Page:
73°F
Sponsored by

W.C. Residents Sound Comment on Fireworks Guidelines

<br><p dir="LTR">Fireworks on the Fourth always seems to be a burning issue in Texoma with some vocal about their right to use fireworks, and others argue the fire danger should be the primary concern.</p> <p dir="LTR">Wichita County officials have been trying to satisfy both sides, by not banning fireworks and hurting business owners, but issuing tough restrictions for those who use them in the county.</p> <p>So they can be used in the county but Mechell Dixon found out that it's only with certain guidelines that were officially issued today.</p>

There are nearly a dozen guidelines Wichita County officials have mandated for fireworks.

They include having written permission from a landowner, having someone 18 or older present as a spotter to look out for possible fires, have at least five gallons of water on site, not setting off fireworks if winds are 20 miles per hour or greater along with several more rules

But how familiar are fireworks users with these guidelines and are they likely to follow them?

Well, we headed out to a local fireworks stand to find out.

When the clock struck noon Wichita County Judge Woody Gossom signed an order requesting Governor Rick Perry to extend the county's fireworks guidelines.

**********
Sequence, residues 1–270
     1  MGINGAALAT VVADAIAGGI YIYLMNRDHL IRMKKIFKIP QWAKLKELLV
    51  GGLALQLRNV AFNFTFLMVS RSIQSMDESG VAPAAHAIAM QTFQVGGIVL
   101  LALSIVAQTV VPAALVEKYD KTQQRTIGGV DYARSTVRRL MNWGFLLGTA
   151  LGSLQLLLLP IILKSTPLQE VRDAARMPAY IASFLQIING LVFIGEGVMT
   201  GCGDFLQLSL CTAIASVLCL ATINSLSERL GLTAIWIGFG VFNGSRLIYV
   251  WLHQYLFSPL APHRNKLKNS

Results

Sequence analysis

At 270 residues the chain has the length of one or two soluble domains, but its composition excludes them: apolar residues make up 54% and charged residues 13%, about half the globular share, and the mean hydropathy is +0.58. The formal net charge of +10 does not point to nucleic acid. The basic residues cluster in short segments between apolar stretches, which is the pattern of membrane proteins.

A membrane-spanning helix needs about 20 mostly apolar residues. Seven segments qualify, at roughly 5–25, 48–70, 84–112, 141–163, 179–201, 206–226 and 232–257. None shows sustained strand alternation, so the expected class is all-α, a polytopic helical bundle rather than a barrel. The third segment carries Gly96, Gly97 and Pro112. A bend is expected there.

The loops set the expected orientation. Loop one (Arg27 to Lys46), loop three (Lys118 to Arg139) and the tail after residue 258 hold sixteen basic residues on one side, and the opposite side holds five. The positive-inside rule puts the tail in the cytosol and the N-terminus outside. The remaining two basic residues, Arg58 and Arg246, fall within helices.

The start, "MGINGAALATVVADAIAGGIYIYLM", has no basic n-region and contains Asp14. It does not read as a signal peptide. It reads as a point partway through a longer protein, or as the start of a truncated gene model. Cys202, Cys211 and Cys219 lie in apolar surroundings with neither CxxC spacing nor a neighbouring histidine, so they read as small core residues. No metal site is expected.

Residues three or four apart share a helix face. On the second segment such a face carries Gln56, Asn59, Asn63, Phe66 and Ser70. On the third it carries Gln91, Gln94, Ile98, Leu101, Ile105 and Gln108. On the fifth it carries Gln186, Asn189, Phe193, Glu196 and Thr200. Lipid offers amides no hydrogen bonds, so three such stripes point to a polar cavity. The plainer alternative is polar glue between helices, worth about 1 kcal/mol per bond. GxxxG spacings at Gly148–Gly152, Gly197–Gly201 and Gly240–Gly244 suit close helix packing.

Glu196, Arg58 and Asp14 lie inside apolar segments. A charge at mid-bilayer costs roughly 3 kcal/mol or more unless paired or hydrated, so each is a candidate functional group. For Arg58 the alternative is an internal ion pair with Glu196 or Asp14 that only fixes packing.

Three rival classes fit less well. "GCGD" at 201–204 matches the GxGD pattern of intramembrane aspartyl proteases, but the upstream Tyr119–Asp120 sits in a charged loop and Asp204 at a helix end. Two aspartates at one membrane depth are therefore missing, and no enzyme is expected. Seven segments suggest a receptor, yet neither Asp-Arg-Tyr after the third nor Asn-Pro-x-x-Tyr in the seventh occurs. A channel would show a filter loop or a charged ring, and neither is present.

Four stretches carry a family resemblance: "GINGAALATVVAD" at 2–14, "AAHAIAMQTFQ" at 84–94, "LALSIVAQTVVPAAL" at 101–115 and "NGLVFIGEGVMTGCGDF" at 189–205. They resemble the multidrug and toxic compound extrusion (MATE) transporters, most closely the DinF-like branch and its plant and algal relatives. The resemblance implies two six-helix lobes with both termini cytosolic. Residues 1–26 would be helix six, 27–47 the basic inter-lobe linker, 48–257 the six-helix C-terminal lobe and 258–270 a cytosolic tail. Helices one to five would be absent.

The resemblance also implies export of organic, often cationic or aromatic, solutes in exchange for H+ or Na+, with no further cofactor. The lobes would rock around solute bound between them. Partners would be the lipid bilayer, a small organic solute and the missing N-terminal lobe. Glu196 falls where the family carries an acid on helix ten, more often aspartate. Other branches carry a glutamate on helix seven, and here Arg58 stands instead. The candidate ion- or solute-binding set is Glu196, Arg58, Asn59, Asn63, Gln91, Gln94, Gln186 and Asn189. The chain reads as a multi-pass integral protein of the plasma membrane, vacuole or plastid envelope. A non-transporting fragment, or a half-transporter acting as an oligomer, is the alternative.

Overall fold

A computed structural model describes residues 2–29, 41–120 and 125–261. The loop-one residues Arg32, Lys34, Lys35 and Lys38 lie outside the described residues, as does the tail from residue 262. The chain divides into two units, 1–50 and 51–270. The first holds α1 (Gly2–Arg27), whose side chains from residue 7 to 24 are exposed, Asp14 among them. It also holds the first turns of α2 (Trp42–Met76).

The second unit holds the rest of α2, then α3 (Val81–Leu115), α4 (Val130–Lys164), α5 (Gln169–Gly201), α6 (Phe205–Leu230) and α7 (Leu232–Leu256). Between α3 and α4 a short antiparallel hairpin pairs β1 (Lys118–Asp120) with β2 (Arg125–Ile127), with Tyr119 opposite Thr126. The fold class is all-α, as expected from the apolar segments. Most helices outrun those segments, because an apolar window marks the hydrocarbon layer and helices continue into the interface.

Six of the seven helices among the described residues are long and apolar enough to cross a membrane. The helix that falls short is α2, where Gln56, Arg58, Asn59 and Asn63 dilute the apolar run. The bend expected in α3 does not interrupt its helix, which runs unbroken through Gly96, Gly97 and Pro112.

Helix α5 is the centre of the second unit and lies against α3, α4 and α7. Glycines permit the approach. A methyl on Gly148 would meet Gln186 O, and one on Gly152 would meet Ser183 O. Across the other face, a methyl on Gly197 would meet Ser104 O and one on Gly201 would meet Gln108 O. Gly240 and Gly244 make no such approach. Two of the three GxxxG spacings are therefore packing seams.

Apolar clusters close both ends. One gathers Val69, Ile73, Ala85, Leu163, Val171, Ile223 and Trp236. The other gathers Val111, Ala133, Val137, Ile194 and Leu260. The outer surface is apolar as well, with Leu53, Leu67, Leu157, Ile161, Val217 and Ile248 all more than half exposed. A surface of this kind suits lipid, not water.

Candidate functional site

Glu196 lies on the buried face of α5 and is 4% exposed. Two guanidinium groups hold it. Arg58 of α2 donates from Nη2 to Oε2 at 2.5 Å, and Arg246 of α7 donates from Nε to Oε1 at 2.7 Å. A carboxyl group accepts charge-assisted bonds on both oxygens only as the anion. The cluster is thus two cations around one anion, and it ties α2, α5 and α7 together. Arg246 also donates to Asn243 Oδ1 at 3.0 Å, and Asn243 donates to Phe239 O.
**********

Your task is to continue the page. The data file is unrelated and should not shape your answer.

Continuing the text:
"It reidentifies a disaster declaration for Wichita County which is the vehicle that then brings in the fireworks guidelines," Judge Gossom says.

There are ten guidelines that allow residents to set off fireworks in Wichita County and all must be followed.

We read those guidelines to shoppers at Russells Fireworks and one shopper isn't to happy with the new rules.

"That's just way too many rules. That's infringing on my rights and I don't like that," says Daniel Paniagua, a Wichita County resident.

But the guidelines weren't a problem for this shopper.

"We have private property but anything to keep the fires down is good but it's not hurting me any and we'll be prepared. We have a big party at my house so we're good to go. We'll have everything on this list and we'll have plenty of it," Rushing says.

Because if you are caught celebrating with a bang in the county and not following the fireworks guidelines county officials say be prepared.

"Then they need to have an extra $500 because it will be a Class C misdemeanor. They will be ticketed and they will appear in front of a judge," Judge Gossom explains.

Judge Gossom had already signed the fireworks guidelines but the order he signed today will extend them through July 31st, provided the governor approves it.

To view the Declaration of Disaster and Order Restricting the Use of All Fireworks in Wichita County click on the following link:

http://www.co.wichita.tx.us/documents/Declaration%20and%20Guidelines.pdf

Page: [[$index + 1]]
comments powered by Disqus

Poll

[[viewModel.Question]]

[[result.OptionText]] [[calculateVotePercent(result)]]%
[[settings.DelayedResultsMessage]]
Poll sponsored by